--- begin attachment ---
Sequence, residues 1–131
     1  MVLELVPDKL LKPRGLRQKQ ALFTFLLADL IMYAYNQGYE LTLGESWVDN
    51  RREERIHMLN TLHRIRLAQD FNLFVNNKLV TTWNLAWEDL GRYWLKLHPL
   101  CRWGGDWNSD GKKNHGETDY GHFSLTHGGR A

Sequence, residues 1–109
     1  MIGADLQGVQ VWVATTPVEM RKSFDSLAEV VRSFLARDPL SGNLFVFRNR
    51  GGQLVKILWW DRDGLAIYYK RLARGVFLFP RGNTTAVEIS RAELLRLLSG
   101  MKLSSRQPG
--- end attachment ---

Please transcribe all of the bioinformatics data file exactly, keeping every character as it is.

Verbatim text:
Sequence, residues 1–131
     1  MVLELVPDKL LKPRGLRQKQ ALFTFLLADL IMYAYNQGYE LTLGESWVDN
    51  RREERIHMLN TLHRIRLAQD FNLFVNNKLV TTWNLAWEDL GRYWLKLHPL
   101  CRWGGDWNSD GKKNHGETDY GHFSLTHGGR A

Sequence, residues 1–109
     1  MIGADLQGVQ VWVATTPVEM RKSFDSLAEV VRSFLARDPL SGNLFVFRNR
    51  GGQLVKILWW DRDGLAIYYK RLARGVFLFP RGNTTAVEIS RAELLRLLSG
   101  MKLSSRQPG